- Like many 2.5-layer rain jackets, the StormLine doesn’t breathe well during high-output activities (although the pit zips are great for dumping heat).
- Interior can feel a bit clammy and sticky, which is especially noticeable when stuffing wet hands into the pockets.
- Men’s version runs slightly large and boxy, which isn’t ideal for backcountry use.
|Black Diamond StormLine Stretch||$149||8.7 oz.||2.5L BD.dry||Unavail.||Yes||Yes|
|Black Diamond FineLine Stretch||$135||7.3 oz.||2.5L BD.dry||Unavail.||No||Yes|
|Patagonia Rainshadow||$199||12.2 oz.||3L H2No||30D||Yes||Yes|
|Patagonia Torrentshell 3L||$149||12.5 oz.||3L H2No||50D||Yes||Yes|
|REI Co-op XeroDry GTX||$159||10.6 oz.||2L Gore-Tex||50D & 75D||No (vents)||No|
|Mountain Hardwear Exposure/2||$220||10.5 oz.||2.5L Gore-Tex||Unavail.||No||No|
There’s no shortage of high-performance rain jackets on the market, but the Black Diamond StormLine stands apart in one major way: stretch. As we touched on above, this puts the StormLine in an exclusive category with few direct competitors. Black Diamond’s own FineLine Stretch Rain Shell is one of them, and similarities include the same BD.dry waterproofing, 2.5-layer build, stretchy face fabric, and adjustable, helmet-compatible hood. That said, at 7.3 ounces, the FineLine is around 1.5 ounces lighter than the StormLine, and as a result gives up valuable features including hand pockets, adjustable cuffs, and pit zips. The FineLine also boasts a more athletic cut, which is less ideal for layering. If your biggest concern is weight or you simply need an emergency shell, the FineLine should work fine. In most other cases, the StormLine’s versatility and features win out.
Another performance-oriented rain jacket that incorporates stretch into its build is Patagonia’s Rainshadow. Patagonia recently upgraded the jacket’s construction from 2.5 to 3 layers (the Rainshadow uses Patagonia’s in-house H2No membrane), boosting overall weather protection and durability. In our testing, we found the Rainshadow to be a great match for activities like backpacking and hiking in moderate to heavy rainfall. The StormLine is lighter at 8.7 ounces versus the Rainshadow’s 12.2, but the bump in weight gets you a chest pocket and water-resistant hand pocket zippers, both of which the StormLine lacks. In the end, we give the nod to the BD for its lower price tag and lighter, more performance-focused build (the Rainshadow’s hood isn’t helmet-compatible), but the Patagonia is a viable alternative for less technical pursuits.
At the same price point as the StormLine Stretch, Patagonia makes another enticing competitor in their Torrentshell. Like the Rainshadow, the Torrentshell was updated this year from a 2.5-layer build to a more protective 3-layer design. Throughout testing, we’ve found it to be noticeably more comfortable and breathable than the past-generation jacket, although the StormLine gets the edge in mobility (the Patagonia feels noticeably stiff and crinkly) and weight (the Torrentshell clocks in at 12.5 oz.). In the end, for mobility-dependent activities like climbing and biking, we prefer the StormLine Stretch. For hiking and daily wear, the Torrentshell is our top pick.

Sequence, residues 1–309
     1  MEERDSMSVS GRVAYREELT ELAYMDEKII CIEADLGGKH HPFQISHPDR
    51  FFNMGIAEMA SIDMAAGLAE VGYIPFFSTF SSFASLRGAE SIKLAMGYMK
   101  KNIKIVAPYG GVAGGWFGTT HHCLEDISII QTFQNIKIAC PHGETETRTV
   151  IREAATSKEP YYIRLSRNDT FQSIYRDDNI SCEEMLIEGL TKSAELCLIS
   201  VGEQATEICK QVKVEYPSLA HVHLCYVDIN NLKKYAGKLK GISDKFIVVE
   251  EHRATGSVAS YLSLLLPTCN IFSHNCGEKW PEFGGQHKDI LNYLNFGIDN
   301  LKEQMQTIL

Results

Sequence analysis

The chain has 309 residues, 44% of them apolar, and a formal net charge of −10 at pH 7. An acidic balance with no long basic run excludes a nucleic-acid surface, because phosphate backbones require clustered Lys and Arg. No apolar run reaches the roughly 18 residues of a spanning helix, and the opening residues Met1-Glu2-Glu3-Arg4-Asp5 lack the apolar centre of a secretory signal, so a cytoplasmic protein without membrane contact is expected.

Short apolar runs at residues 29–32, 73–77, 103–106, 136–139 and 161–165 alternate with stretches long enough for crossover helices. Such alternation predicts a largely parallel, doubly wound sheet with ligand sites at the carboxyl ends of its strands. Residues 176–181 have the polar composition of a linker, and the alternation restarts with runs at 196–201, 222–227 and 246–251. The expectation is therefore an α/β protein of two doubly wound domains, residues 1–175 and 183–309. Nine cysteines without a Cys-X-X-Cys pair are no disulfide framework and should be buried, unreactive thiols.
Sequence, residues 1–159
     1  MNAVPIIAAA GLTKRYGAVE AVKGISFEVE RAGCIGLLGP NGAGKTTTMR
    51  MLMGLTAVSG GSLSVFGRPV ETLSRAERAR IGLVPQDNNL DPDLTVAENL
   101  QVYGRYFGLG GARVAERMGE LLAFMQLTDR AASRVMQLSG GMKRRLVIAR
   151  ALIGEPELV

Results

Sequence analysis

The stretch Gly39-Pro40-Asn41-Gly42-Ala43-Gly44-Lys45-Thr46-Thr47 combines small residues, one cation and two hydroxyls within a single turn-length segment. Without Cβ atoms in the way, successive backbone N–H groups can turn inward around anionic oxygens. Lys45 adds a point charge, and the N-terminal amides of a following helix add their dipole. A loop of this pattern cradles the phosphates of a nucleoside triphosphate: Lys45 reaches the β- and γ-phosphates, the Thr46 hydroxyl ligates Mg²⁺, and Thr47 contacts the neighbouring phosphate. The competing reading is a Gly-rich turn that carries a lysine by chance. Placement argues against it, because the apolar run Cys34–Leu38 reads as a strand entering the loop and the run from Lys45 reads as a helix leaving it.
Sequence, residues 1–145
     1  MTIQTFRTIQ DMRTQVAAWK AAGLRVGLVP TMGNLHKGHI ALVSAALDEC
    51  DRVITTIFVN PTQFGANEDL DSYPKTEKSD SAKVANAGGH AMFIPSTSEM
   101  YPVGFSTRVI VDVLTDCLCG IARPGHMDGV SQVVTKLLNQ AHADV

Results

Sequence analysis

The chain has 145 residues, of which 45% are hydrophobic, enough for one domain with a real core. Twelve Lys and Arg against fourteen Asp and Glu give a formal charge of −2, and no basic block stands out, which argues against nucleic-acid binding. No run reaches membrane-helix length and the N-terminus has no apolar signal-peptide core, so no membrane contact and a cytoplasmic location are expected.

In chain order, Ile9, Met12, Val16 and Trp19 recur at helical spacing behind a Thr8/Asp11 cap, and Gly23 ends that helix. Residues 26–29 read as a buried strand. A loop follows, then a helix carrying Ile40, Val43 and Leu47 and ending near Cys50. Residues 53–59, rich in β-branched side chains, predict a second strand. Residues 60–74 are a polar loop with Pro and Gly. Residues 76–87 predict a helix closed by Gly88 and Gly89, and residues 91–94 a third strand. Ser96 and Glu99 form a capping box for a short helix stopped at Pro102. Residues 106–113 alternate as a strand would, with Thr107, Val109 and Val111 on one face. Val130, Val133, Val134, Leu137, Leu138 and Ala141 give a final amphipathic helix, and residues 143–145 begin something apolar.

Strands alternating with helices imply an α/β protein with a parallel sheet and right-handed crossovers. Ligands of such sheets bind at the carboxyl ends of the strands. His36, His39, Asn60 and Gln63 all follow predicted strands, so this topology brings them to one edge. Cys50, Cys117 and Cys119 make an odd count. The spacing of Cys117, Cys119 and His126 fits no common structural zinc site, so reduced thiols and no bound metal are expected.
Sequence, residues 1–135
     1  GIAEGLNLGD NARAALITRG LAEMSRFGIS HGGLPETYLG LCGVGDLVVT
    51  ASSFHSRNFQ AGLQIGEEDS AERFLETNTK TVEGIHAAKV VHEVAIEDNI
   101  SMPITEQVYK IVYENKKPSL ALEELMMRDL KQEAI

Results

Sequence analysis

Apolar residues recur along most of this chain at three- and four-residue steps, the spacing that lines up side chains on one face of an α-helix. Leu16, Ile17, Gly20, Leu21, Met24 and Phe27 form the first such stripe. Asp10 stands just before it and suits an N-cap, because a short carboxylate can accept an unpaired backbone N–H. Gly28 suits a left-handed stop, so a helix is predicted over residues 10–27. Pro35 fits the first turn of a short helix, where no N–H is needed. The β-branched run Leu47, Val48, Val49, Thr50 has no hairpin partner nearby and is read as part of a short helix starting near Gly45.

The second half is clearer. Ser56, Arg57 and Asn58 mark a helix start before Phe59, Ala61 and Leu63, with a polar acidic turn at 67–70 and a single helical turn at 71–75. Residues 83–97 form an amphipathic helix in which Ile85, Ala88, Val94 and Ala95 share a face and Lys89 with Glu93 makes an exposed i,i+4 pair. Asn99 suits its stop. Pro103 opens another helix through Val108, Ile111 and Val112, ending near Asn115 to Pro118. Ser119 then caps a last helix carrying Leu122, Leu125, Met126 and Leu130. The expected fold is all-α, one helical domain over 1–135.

If you’re focused on value, it’s hard to beat REI’s offerings, and we especially like their $159 XeroDry GTX. Unlike the jackets above, the XeroDry doesn’t incorporate stretch and features a 2-layer construction. Compared to the StormLine, the REI jacket also foregoes pit zips (its hand pockets double as core vents) and is heavier at 10.6 ounces, but includes a chest pocket. However, in terms of performance, we found the XeroDry’s Gore-Tex Paclite build to be slightly undergunned during heavy rain, and breathability also fell short, even when hiking in moderate temperatures (for more, read our in-depth XeroDry review). All told, the StormLine is the more impressive and performance-focused jacket overall.
A final option to consider comes from Mountain Hardwear’s impressive Exposure/2 collection in the Gore-Tex Paclite Stretch shell. Both jackets use 2.5-layer constructions with added stretch to effectively balance weatherproofing and mobility, but the StormLine wins out in weight by around 2 ounces, includes pit zips, and stows in its own pocket. Importantly, it’s also considerably cheaper than the Mountain Hardwear at $149 versus the Exposure’s $220 price tag. Given the similarities in construction and performance, we think the StormLine is the better value.